There are many things parents need to know as they embark on the journey of parenting unique, autistic learners.
Goodness knows that the descriptions of the diagnostic criteria are little help with this: ditto the advice dispensed by those who have memorized the DSM-V but have no clue how to identify those autism traits in your home, and even less idea of how to help your child to develop coping skills to thrive in the typical (read: ordinary) world.
Most supports are not focused on preventing problems. Instead, they are geared at 'closing the barn door after the horse has gone’.
In other words, parents can scramble to find help for the child who:
Because we don’t understand autism, and we don’t provide the best practice supports that would plan to prevent problems in the first place.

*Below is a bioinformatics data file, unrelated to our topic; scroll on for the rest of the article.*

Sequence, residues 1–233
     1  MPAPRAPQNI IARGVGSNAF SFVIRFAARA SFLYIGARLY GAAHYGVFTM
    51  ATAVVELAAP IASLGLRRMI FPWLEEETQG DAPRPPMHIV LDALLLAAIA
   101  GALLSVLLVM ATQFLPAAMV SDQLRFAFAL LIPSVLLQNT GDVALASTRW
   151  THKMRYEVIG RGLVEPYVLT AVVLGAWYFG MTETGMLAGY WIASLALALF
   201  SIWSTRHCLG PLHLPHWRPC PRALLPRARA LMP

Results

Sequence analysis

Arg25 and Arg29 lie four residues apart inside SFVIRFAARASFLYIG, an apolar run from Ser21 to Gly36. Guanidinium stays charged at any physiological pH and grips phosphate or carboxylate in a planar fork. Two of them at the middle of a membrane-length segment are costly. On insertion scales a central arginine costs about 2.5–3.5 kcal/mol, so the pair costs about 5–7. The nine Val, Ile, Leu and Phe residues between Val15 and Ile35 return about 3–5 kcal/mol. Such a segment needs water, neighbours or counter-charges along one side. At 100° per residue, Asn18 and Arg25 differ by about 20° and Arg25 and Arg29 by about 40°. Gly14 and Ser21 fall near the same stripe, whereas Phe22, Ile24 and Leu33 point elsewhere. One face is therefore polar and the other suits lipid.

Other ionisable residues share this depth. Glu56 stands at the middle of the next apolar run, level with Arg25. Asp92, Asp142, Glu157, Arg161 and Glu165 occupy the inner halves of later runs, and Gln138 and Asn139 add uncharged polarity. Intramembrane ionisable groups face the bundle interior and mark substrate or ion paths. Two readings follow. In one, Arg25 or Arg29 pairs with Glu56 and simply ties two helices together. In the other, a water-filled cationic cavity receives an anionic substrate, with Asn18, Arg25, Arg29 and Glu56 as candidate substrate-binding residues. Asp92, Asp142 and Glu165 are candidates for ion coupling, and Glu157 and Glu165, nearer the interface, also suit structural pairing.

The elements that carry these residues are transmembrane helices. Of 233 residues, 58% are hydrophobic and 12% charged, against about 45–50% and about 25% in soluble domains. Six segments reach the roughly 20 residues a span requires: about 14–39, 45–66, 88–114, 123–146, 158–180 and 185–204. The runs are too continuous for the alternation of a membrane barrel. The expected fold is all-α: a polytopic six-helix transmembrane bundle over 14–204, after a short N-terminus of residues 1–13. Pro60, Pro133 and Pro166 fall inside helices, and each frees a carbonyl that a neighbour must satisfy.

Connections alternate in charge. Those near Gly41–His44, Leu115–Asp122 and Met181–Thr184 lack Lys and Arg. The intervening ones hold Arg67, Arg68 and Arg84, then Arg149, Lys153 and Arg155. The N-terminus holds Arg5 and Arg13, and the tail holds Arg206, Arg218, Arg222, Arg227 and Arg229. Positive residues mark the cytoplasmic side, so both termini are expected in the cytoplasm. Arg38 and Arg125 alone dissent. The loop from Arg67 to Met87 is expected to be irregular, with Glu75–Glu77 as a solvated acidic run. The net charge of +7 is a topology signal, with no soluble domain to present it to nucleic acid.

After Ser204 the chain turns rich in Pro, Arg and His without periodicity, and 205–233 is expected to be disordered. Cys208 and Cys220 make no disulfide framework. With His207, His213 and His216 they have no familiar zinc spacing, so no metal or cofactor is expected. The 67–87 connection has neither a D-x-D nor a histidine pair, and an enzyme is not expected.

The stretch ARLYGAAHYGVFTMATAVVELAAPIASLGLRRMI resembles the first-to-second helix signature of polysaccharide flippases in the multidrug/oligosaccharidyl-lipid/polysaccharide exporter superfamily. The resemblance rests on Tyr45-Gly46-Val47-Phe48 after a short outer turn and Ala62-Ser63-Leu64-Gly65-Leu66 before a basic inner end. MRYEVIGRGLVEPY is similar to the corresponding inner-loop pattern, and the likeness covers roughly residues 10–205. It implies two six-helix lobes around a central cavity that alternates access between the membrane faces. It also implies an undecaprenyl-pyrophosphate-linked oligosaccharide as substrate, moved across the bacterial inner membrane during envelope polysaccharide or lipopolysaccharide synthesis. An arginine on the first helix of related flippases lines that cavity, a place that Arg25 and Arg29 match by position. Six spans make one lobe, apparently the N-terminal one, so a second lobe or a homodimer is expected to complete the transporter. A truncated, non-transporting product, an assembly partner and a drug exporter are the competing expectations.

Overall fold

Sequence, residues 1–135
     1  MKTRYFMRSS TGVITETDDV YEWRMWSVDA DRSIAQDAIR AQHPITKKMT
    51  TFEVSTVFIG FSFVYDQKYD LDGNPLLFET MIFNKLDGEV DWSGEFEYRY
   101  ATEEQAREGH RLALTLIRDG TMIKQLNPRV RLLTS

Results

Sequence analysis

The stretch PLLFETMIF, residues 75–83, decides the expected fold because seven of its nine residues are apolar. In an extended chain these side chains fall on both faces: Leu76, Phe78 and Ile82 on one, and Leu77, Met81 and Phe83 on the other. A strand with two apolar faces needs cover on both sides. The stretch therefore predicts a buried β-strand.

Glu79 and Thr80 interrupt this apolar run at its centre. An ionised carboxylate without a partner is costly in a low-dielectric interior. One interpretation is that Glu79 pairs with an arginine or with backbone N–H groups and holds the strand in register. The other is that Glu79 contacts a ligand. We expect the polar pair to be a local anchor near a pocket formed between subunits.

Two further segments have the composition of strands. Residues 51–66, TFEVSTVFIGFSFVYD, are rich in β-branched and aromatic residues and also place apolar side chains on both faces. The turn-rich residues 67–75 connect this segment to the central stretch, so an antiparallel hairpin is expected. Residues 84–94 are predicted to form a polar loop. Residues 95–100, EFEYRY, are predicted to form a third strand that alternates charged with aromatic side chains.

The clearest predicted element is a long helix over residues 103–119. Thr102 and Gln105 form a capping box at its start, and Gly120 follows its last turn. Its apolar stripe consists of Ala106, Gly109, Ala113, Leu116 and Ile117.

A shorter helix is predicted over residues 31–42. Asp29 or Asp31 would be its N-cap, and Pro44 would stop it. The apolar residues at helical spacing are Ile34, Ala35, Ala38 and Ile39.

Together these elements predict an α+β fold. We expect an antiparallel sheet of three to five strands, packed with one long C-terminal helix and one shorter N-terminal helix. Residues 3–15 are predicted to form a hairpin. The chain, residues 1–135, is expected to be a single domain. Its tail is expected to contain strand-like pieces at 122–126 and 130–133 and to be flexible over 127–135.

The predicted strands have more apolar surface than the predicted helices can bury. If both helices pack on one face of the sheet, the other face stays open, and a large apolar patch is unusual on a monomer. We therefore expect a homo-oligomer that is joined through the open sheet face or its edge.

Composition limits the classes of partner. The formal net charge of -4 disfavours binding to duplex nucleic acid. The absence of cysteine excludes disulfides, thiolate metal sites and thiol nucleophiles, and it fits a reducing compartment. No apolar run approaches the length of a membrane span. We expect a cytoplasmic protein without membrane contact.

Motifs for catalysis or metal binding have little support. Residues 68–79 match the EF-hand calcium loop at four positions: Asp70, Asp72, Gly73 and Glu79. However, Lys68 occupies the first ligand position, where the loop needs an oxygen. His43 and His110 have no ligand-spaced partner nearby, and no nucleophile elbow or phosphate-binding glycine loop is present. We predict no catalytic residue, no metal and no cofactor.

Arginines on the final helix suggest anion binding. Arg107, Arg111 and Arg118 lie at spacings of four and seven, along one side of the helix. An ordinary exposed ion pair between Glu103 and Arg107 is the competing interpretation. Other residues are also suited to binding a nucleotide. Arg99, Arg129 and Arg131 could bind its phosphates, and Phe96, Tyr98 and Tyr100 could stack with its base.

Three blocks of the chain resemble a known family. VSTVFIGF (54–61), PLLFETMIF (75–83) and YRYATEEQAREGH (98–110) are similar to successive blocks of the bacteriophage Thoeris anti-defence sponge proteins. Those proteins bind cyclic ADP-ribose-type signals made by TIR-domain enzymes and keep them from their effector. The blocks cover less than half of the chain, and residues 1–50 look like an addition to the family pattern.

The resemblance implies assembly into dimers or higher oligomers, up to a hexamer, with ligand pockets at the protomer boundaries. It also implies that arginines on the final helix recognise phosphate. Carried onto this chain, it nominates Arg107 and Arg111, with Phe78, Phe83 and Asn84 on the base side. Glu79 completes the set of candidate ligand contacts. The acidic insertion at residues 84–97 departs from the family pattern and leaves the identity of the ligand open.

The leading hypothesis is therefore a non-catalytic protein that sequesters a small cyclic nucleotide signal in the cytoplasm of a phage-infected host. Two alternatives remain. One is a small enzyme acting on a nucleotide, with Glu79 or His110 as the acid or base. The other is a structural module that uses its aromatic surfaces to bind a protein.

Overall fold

So while autism is not a mental illness, society does make our children anxious by:
People will then start rephrasing things instead of allowing us to ‘process’ (i.e. hear and respond to what you’ve said)—and man oh man—that just makes things worse. The processing time will start all over again.
Want to avoid anxiety from becoming a presenting issue for your child? Want to help reduce any stress or anxiety that is already present?
Remember that almost all people with an autism identification have an ‘intolerance for uncertainty’. This means we like to know what to expect—and what is expected of us.
We like to know potential outcomes (and you can bet we often catastrophize as our anxiety gets worse—we expect the worst, most negative outcomes from anything we try). An autism diagnosis often means more rigid, black and white/ right and wrong thinking, and a strong need to do things correctly. When we don’t know what to expect, we have no idea if we will be able to do what is expected of us. It’s just safer for us to refuse to engage.
As you are figuring out what kinds of approaches and supports to include in your parenting, consider the following: